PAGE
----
5. Bounce between stories and summarizing points

See if you can spot the pattern.

Ken Robbin’s story about the little girl… (15:18)

Qahani’s story about the his son… (6:30)

Heck even when I am coaching, I try not to just focus on the mechanics of being charismatic. I give examples in video breakdowns. When I can’t, I tell stories of the people I have worked with.

You see: Humans learn through stories. But we make the mistake of teaching in abstract summaries.

And I’ll admit, this still is tough for me. I want to be concise! I want to cover universal rules, not just tell a single story!

But I swear, nearly every time someone comments on what they learned from me it starts something like this:

“Remember when you were telling me that story about the guy being honest in law school? Well I was out and something happened that reminded me of it.  So I made sure to do what we’d learned….”

What about statistics? A beautiful list of concise, summarized points? The 5 paragraph essays with supporting facts from 10 primary sources they taught us to write in high school?

Are those logical ways to construct an argument? Absolutely. Are they persuasive? Hardly.

If you want people to be moved to action, tell stories.

6. Use open loops and drop segues

“You can have a very beautiful thing to say, but say it in the wrong words and POOF….it’s gone….I have a son who is four. And he had this bad habit of writing on the walls with crayons.” (5:58)

Wait a second. What the heck is going on here? Where are the segues? The connector phrases? (“Which brings me to my next point…”)

Gone. Abandoned for something better.

Confusion!

That moment of confusion between points is like Adderall for your audience. It reestablishes the need to focus on you.

It is particularly powerful when bouncing between an abstract point (“You can have a great thing to say, but say it in wrong words, it’s gone”) and a story (“I have a son who is four. And he had this bad habit of writing on the walls with crayons.”)

The abstract point gets you thinking about the ways words are playing a role in your life. And before you can fully digest that we are off into a story.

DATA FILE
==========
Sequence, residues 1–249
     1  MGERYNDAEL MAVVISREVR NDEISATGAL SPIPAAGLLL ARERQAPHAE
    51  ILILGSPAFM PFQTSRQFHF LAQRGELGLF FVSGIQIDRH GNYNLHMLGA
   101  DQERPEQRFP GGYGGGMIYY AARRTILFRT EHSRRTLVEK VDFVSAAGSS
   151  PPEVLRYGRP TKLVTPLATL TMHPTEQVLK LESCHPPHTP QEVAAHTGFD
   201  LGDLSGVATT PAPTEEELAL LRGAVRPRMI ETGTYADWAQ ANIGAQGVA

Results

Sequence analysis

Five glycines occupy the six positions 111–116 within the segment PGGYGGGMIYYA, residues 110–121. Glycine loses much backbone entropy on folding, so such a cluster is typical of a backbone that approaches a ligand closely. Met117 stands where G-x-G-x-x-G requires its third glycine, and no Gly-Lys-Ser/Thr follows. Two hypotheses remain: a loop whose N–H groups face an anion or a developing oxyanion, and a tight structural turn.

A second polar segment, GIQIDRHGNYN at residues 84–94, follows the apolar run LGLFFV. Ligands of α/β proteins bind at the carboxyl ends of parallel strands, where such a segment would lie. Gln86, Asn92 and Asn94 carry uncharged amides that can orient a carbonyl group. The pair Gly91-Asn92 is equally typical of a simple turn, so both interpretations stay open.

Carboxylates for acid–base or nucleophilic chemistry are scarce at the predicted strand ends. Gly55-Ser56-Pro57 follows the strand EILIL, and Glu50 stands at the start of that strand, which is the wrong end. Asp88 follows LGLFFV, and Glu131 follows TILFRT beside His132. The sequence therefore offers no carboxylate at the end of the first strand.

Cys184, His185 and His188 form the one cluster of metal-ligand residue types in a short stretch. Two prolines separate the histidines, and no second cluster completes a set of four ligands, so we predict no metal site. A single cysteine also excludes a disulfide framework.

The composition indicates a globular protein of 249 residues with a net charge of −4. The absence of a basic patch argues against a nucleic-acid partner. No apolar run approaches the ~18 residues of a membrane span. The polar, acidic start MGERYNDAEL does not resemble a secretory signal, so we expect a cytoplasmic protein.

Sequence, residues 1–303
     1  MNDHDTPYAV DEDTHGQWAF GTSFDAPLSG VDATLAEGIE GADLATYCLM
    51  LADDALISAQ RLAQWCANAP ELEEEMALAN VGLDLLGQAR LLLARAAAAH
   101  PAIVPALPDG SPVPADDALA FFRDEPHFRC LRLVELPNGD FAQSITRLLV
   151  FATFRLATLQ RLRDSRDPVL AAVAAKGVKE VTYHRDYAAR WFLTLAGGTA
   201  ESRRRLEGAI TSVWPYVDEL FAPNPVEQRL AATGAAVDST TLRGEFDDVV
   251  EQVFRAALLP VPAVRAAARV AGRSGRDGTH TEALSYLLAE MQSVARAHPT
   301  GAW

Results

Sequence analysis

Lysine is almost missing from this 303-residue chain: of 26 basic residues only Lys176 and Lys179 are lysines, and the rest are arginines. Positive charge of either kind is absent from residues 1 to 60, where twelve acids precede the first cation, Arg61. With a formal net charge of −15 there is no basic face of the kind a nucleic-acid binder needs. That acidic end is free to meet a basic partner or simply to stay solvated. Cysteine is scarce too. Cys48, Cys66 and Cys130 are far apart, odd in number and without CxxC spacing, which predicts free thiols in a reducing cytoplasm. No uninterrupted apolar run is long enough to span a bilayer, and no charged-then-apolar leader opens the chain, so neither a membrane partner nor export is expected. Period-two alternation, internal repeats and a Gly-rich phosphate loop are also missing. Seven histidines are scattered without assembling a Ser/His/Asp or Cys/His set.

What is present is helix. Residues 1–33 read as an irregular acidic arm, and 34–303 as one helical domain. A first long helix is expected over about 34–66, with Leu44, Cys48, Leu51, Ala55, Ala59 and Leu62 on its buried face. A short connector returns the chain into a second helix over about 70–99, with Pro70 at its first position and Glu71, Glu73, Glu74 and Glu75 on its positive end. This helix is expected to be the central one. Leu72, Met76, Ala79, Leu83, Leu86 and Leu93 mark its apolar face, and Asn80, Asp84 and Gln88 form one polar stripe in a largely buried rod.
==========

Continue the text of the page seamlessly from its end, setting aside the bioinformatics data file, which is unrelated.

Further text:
Combining the point with a story (without a segue) has the wonderful effect of winning attention and opening people up to your conclusions.

7. Speak in second person (especially when moralizing)

The great thing about stories is that they have ambiguous takeaways. You don’t always have to spell out the lesson, but you have that option.

If you do choose to explain what to take from a story, always do it in second person.

Even if you’ve just finished a story about your own upbringing, told in the first person “I,” you will want to switch.

“….and then I found out I was going to need surgery (pause in story) You know you learn something when your health is failing about what really matters in life….(going to second person moral)”

People care about how things relate to themselves. So whenever possible, speak as if you are speaking directly to them. Say “you.”

Bonus: Ctrl+f to see if I followed my own advice in this article 😉

8. Perform. Public speaking is theater

Whenever you stand in front of people you are a performer.

You are an actor, a voice impressionist, a dancer, a bard. The more you embrace the fact that you are performing, the more people will be sucked into what you’re saying.

The most simple way is to embody the characters in the stories you tell. Put on a different voice. Move like they move (notice how Qahtani plays up the drunk scene and the frantic hospital scene). No description can match the force of live action.

Find opportunities to perform a scene rather than just describing it. It will put your presentation skills on steroids. (11:16)

9. Leave extra space for jokes and drama

Here is a basic definition of comedy: Expectations do not meet reality in an amusing way (i.e. lighting a cigarette on stage and then yelling at the audience)

Meaning that part of comedy is setting up expectations. So you must give the audience time to create that expectation!

Think of the person you know who just runs over jokes. They will hear something funny, repeat it to you, but hit the punchline so quickly that you don’t even know what happened*

It’s not the joke’s fault. It’s that they didn’t give you time to expect anything.

Jokes need space. So cut those filler words and slow down your timing.

Drama has a similar rule. It is all based on uncertainty: “What will happen next?”

So if you don’t give space for people to absorb what you have said and wonder what’s coming next, you slice out the ability for dramatic impact.

Which adds up to one rule: give the audience space in the form of silence.

The funniest (6:44) and most moving parts (13:48) of Qahtani’s speech are preceded and/or followed by a second or two of silence. Use it to emphasize your most important points.

*Comedy is a bit complicated. There is a way to create humor by running over spaces where people might normally pause. But that is beyond the scope of improving presentation skills.

10. Save your emotional bomb for last

Before today, I hadn’t seen Ken Robinson’s TED talk in over a year. The one piece I remembered was of the little girl who was very fidgety and was told she had learning problems. The line that rings in my head is “she didn’t have a problem; she was a dancer,” (or something like that).

Now like I said, before today I hadn’t seen that video in months. And what do you know? That story of the little girl just so happens to be the last story he tells.

That’s by design.